Ian O’Byrne asked his professional network how they define digital literacy. It makes sense given that the term has evolved continually since 2011 at least. See my post on helping librarians develop a definition of digital literacy. For those in English language arts education, the term is becoming increasingly more central to their practice.
Because I see digital literacy in relation to media literacy, I generally use the phrase “digital and media literacy.” As the chart shows, digital literacy, offers some real value to extend media literacy’s preoccupation with “access, analyze, create, reflect and take action.” I especially value its focus on collaboration and participation, the use of digital tools for inquiry learning, a deeper awareness of how digital texts circulate in culture, and the confidence that comes from trial-and-error exploration of how digital texts, tools and technologies work.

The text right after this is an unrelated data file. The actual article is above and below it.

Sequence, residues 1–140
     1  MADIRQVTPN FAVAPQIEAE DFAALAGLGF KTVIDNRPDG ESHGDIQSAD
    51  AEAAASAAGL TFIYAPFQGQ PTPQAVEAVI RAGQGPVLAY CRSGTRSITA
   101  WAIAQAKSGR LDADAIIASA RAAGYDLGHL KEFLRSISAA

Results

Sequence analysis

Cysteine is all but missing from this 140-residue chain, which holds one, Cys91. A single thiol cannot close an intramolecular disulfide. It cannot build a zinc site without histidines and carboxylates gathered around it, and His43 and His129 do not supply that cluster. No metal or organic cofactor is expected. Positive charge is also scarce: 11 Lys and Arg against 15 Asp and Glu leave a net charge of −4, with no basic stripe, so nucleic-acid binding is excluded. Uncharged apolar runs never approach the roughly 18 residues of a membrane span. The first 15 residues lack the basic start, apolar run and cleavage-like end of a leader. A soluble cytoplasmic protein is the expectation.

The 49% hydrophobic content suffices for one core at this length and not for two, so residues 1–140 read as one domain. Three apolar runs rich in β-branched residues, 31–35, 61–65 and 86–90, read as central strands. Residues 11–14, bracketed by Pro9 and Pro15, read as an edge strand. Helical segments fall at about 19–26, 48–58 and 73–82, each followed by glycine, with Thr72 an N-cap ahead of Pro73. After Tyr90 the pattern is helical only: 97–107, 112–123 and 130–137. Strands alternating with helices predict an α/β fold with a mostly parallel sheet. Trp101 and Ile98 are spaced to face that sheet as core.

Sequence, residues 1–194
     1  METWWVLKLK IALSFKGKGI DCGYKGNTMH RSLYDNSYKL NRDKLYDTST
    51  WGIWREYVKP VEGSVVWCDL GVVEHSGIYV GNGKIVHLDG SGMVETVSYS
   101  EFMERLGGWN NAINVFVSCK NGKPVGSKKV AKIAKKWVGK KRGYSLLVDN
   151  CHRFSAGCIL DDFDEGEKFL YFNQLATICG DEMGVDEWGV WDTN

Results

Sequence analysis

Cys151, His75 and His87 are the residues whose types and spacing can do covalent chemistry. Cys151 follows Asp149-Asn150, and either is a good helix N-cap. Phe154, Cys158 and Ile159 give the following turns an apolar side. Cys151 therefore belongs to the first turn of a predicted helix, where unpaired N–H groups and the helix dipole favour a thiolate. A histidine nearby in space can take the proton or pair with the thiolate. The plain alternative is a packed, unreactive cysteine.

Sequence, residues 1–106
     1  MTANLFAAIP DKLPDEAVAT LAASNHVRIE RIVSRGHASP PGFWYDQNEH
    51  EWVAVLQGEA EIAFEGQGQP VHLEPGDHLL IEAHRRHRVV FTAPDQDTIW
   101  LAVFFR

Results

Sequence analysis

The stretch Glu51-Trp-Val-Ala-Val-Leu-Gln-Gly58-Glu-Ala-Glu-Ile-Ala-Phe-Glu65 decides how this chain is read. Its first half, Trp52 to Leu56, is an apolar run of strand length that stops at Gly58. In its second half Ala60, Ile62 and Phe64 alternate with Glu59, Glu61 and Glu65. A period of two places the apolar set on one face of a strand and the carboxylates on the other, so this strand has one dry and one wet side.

I have previously mapped some of the similarities and differences that I recognize between the two concepts here. Notice that all these phrases explicitly identify what learners know and do, not just at school, but as part of everyday life.
The four big ideas at the center of the diagram in the figure remind us why we think of digital and media literacy as an expanded conceptualization of literacy. Literacy is the sharing of meaning in symbolic form. We can no longer tie merely literacy to a particular set of cognitive practices like reading comprehension. That’s one of the reasons why I wrote Create to Learn: Introduction to Digital Literacy. As the figure shows, I see digital and media literacy competencies as fundamentally collaborative, critical, and creative, responsive to the ever-changing nature of media and technology in the larger context of culture and society.